- Raw sewage is dumped into Manitoba's red River ecosystem, with devastating effects.
- Human settlements are causing the semi-arid deserts of B.C.'s Okanagan Valley to be paved.
- Fish in the James Bay region contain higher levels of mercury than anywhere else in the world.
- Logging, ranching, tourism, and fire suppression are disturbing Alberta's and Saskatchewan's fragile cypress Hills.
- Millions of kilograms of refuse are discarded in Canada's coastal waters, taking a high toll on marine life.
- B.C.'s Fraser River basin, with its beleaguered salmon fishery, is in urgent need of cleanup.
- The sedimentation of P. E. I.'s wetlands and streams due to agricultural runoff means loss of habitat for fish and waterfowl.
Take Arctic Action
The High Arctic is one of the world's last great wilderness areas. But it's a fragile ecosystem. Pollutants from all over the world — like lead, PCBs, and pesticides — end up in the region's air, soil, and water. How do they get there? As the old song goes, "The answer is blowing in the wind" — that is, in jet streams and trade winds. Snow and rain bring the contaminants down to Earth. Once released, they can take decades or even centuries to break down, especially under arctic conditions.
Here's how contaminants work their way from the bottom to the top of the marine arctic food web:
- Ice algae and plant plankton pick up contaminants from the water.
- Hordes of thumbnail-sized crustaceans known as amphipods graze on ice algae, while tiny creatures called zooplankton eat the plant plankton, absorbing contaminants as they feed.
- Amphipods attract arctic cod. Both predator and prey, the arctic cod transfers food energy — and contaminants — to belugas, narwhals, and ringed and harp seals.
- Zooplankton are food for copepods — crustaceans no bigger than a grain of rice, which then fill the bellies of bowhead whales. At this stage, contaminants may be thousands of times more concentrated than at the bottom of the food web, as they are stored in animal fat over many years.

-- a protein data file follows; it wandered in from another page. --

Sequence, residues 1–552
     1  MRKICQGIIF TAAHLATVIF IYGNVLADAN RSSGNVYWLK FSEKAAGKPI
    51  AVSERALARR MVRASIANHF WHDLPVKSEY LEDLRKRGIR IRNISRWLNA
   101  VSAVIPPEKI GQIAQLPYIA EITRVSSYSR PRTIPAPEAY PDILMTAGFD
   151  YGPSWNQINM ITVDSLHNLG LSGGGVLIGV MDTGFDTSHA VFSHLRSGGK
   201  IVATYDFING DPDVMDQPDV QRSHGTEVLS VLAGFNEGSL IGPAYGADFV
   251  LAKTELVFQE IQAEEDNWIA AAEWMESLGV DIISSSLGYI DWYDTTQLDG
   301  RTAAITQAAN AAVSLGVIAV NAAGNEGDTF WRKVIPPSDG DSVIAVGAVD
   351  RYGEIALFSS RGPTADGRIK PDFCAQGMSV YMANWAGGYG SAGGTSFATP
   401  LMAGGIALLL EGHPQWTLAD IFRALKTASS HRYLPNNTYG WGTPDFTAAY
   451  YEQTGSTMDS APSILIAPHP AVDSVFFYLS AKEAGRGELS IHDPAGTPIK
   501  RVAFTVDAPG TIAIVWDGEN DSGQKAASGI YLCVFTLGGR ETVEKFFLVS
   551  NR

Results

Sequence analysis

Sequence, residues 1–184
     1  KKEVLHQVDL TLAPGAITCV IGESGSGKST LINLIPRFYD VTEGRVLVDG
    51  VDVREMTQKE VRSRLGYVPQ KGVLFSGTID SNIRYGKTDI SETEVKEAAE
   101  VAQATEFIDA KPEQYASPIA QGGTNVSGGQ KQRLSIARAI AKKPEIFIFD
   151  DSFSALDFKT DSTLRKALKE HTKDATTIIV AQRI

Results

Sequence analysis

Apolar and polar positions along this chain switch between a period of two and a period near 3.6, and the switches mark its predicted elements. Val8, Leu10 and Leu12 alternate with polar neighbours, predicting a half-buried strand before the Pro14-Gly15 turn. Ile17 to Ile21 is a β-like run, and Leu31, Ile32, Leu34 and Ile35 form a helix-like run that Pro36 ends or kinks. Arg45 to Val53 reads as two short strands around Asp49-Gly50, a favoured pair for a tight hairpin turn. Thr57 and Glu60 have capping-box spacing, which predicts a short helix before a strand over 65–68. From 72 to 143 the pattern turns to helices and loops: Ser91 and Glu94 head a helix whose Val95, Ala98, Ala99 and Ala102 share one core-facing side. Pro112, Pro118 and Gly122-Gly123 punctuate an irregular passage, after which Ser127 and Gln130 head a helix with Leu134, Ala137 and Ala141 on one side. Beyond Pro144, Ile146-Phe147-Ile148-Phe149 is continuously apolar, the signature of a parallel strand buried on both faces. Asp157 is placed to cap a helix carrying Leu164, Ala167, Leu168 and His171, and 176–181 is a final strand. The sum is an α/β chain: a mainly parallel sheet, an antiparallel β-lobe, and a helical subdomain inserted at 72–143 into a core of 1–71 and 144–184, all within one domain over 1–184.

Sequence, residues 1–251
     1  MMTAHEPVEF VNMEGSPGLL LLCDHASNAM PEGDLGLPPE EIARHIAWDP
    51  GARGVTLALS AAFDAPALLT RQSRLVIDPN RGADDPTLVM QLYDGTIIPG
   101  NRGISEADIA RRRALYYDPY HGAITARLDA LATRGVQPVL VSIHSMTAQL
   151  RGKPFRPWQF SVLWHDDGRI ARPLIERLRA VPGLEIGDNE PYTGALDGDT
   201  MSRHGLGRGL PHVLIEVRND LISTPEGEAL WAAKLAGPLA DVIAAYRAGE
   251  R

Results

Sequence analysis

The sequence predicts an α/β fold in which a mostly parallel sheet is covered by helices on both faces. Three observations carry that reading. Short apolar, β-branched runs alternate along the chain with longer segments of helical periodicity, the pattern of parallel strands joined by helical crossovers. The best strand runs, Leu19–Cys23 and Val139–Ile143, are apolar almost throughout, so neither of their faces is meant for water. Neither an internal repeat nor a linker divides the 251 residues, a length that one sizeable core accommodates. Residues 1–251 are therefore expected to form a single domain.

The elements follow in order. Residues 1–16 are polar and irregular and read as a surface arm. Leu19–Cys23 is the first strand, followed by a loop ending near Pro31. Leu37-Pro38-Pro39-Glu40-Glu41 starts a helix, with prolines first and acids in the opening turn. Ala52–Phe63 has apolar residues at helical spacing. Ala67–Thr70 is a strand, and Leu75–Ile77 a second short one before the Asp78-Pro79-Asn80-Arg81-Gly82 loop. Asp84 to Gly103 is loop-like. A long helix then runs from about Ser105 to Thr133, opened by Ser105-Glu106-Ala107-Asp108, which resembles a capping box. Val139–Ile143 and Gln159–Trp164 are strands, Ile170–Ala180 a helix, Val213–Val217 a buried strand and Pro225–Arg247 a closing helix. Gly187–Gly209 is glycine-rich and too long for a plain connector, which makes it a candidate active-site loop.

- At the top of the arctic food web are orcas, polar bears, and people. The Arctic is polluted because the world is polluted. Arctic people are naturally upset to see their land becoming a sink for harmful chemicals rarely, if ever, used in the North. They're concerned about the effects of these chemicals on future generations of people and wildlife. You can help this vulnerable ecosystem — and yourself — enormously by undertaking a public awareness campaign.
Butterfly Hibernation House
Some butterfly and moth species migrate. Others survive the Canadian winter as eggs on host plants or as larvae or pupae on the ground. A few woodland butterfly species stay here as adults, hibernating under tree bark, in woodpiles, in sheds, or under the eaves of buildings. You can accommodate hibernating butterflies with this simple shelter:
- Start with a 1- x 8- x 34 inch board and a 1- x 6- x 30-inch board. (Lumber is sold only in imperial measures.)
- Cut the wider board into three pieces — one 10 inches long (top) and two 12 inches long (sides). Cut the narrower board into three pieces — one 8 inches long (bottom) and two 11 inches long (front and back).
- Nail strips of coarse tree bark to the inside surface of the backboard.